St Kilda 0.2, 3.6, 7.6, 9.6 (60) def. Western Bulldogs 2.5, 4.7, 6.7, 7.11 (53)
It is again Preliminary Final time for the Western Bulldogs.
It’s a credit to the Bulldogs’ organisation that, since 1992, we have reached this rarefied, prestigious stage of the competition seven times – once every three and a half years? We’ve had our terrible seasons of irrelevance but consistently rejuvenated, which for some clubs hasn’t been the circular inevitability promised. So we’ve done all right.
Some of those six losses we threw away (92, 98) and some we gave it a shot but just didn’t have it (08, 10). In 1985 Mick Malthouse fell in love with a bunch of toilers who pushed Hawthorn to the limit. But Brad Hardie lost Leigh Matthews and Mick never forgave him.
And then there are the bad ones.
I guess it kind of all starts with 1997. That was the first generation that gave us hope that it may actually be possible for the team from Barkley St to win it all. We had never really considered it since Ted Whitten desperately implored a bunch of guys slouched on the changing room floor at halftime in the 1961 Grand Final, ephemerally winning but completely spent.
Any Bulldog fan born, say, pre-1992 is well aware of the complete sadness that the 1997 Preliminary Final loss to Adelaide inserted into all our lives. I published an article in Inside Football about it. A Bulldog-supporting egghead from Melbourne University named Matthew Klugman opened his dissertation on the correlation between expectation and devastation by extensively quoting me.
It was a while ago now. 1996, The Year of the Dogs, was the worst year of my time supporting them. 40-point losses were greeted with relief. So it was a miracle that the same crew then almost won the flag a year later.
It of course turned into the anti-miracle on September 20. A year later to the day we lost to the Crows again, emphatically. Generation 1, Brad Johnson, Chris Grant, our greatest ever player Scott West, Rohan Smith pounding the turf, Scott Wynd, would not see glory.
I’m a bit more partial now to Generation 2 who lost to St Kilda in 2009. I’m surprisingly sadder about that loss than the classic one of 1997. The sight of the Doggies actually delivering on D-day, taking the Saints to the cleaners in the first and fourth quarters… I just didn’t know what to think.
I lost my shit that night. Every moment of that match provoked emotional overload in me, from the first bounce. I watched the first half in an Albury pub, crossed the border at halftime and finished it off in my mate’s in Wodonga. A third mate, instead of waiting for the end, left with seven minutes to go instead of watching my meltdown.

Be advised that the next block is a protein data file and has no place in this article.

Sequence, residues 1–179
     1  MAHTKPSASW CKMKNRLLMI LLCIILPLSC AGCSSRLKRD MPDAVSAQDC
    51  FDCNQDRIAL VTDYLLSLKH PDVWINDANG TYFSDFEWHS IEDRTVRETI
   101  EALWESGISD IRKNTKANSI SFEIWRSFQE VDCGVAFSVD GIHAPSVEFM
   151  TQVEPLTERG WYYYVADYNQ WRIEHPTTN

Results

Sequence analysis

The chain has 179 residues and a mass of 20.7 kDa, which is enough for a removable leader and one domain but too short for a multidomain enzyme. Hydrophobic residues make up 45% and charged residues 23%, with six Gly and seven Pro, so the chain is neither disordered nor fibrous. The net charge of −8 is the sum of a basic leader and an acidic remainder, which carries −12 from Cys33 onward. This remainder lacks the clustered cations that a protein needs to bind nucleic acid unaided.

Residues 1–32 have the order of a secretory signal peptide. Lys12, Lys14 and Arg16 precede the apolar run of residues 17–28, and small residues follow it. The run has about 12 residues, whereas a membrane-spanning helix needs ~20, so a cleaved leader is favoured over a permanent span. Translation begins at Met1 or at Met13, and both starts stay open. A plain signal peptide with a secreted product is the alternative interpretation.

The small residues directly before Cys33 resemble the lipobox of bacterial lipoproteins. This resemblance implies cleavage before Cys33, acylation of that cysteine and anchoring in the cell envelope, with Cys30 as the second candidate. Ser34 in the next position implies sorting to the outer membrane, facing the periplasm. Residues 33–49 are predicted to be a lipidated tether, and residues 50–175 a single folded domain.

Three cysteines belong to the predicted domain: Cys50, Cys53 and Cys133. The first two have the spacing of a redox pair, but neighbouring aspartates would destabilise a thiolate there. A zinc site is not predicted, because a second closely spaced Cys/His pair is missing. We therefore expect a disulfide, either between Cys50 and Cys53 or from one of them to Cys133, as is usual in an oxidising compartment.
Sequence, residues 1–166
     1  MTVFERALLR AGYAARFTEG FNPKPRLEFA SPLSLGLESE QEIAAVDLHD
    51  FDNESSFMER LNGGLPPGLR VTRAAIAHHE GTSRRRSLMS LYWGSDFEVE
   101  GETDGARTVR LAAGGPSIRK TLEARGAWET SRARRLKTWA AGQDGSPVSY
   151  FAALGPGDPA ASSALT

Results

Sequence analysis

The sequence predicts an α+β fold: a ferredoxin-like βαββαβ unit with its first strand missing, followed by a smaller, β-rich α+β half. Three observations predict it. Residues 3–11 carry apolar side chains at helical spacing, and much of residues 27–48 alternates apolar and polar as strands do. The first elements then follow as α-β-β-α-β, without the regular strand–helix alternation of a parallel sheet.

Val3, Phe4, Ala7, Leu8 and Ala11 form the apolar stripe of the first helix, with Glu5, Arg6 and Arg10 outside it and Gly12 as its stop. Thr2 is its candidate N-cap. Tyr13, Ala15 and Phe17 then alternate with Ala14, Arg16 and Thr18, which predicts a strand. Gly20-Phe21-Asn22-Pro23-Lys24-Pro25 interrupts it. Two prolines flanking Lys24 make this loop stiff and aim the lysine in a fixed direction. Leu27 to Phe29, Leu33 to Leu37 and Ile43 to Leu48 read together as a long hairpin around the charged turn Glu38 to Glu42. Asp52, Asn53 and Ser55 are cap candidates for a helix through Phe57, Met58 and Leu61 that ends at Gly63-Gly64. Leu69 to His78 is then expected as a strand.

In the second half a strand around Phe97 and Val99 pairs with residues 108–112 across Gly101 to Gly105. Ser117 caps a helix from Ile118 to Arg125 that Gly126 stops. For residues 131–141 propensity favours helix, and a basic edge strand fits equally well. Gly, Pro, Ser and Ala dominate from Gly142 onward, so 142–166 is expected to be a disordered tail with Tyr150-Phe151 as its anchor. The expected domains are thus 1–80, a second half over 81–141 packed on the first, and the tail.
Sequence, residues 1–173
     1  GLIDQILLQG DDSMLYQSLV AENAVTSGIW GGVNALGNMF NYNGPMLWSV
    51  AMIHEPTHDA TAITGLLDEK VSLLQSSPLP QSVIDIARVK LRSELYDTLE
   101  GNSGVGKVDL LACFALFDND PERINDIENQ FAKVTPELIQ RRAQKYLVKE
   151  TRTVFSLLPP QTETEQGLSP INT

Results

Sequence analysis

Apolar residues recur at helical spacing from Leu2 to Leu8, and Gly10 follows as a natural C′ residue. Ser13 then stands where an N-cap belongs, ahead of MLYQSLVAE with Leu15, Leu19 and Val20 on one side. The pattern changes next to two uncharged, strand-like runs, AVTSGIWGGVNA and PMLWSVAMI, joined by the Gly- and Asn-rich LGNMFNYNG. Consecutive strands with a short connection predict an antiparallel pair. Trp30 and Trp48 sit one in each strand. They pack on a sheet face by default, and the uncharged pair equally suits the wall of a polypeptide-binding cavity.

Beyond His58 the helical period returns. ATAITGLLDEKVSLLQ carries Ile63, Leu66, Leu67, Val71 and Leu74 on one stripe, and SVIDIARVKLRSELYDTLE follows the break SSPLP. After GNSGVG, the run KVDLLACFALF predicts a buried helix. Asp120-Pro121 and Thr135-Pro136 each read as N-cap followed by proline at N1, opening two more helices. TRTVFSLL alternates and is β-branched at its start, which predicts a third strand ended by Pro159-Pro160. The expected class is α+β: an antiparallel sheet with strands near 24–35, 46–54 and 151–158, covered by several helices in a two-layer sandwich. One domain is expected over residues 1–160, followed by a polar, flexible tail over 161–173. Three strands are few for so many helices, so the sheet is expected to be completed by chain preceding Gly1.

In a mirror, tactical, 16-goal match, they gave Nick Riewoldt a free for a little bit of bumping with Brian Lake. Grant Thomas called it a “pathetic decision” and for once he was right. Lake would win three premierships so he got some personal revenge, but we didn’t.
In the last quarter I keep seeing in my mind Adam Cooney emerge from pack after pack, cementing his legend’s status to me forever. In my fallible memory St Kilda only got the ball down twice all quarter for two late winning goals. The actual stats were 16-6 inside 50s our way. Four points up and completely on top, I actually remarked, stunned: “We’ve got this. We just need one more goal.” Like 97, that one more goal never came.
Write their names down, and then burn them and forget them. Darren Jarman, three last-quarter goals in 1997. What an unstoppable bloody champion. He got five late ones next week against St Kilda.
And Nick Riewoldt, who dobbed the last two, but took a cowardly dive beforehand. And yet I supported St Kilda in the 2009 Grand Final. Weird.
It was hard not to conflate the complete randomness of St Kilda’s undeserved win with my own life, its foibles and failures. Sometimes losses are personalised, even though we’re just watching a bunch of blokes on TV. The same goes for Hawks supporters, in the opposite way.
I liked our boys that year. How can anyone not love Robert Murphy, except if asked that question too many times. Adam Cooney, Brian Lake, Lindsey Gilbee, Callan Ward, Matthew Boyd. Jason Akermanis was along for the ride. And Daniel Giansiracusa, who missed the shot of his life with three minutes to go.
They all got picked off, one by one. Jarrod Harbrow to Gold Coast. Ward to GWS. Lake to Hawthorn. And then the apocalypse of late 2014, when they all flew the coop at once.
I will never feel rancour for Terry Wallace for what went down in 2002. He gave us his best shot. He turned everything around in 1997 and did it by being creative: the first coach to do pre-game interviews; taking media roles; creating the uber-flood that drowned Essendon the one and only time in 2000.
Luke Beveridge did the same thing last year. Him and Murph – thank God he was still around to pick up some pieces. It showed how well he’d done that we moved on without him this year, tragic as it is.
I still remember Murphy’s steely focused gaze when we were about to walk onto the MCG against Adelaide last year for the Elimination Final (them again). In a way, the loss was irrelevant – we were back, and had contributed to the game of the decade.
But in a more real way, I looked at the replay recently on YouTube and it hurt. Our three goals in the first three minutes. Lin Jong climbing high. Marcus Bontempelli’s misses. Jake Stringer’s “we’re going to win this” goal. The Crows treating our defence like butter. We never win 50-50 finals.
Until this year. By winning in Perth and iconically ending the Fourthorn, they’ve reversed everything. This new breed, Bont, Liam Picken, the sons of the old brigade, Jason Johannisen. I love these boys.
2016 turned out to be the year. The Bulldogs played another fraught preliminary final against GWS in Sydney but this time scored four last-quarter goals to win by 6 points amid incredibly emotional scenes. One week later they beat Sydney in the grand final to win the 2016 premiership, their first in 62 years and second ever.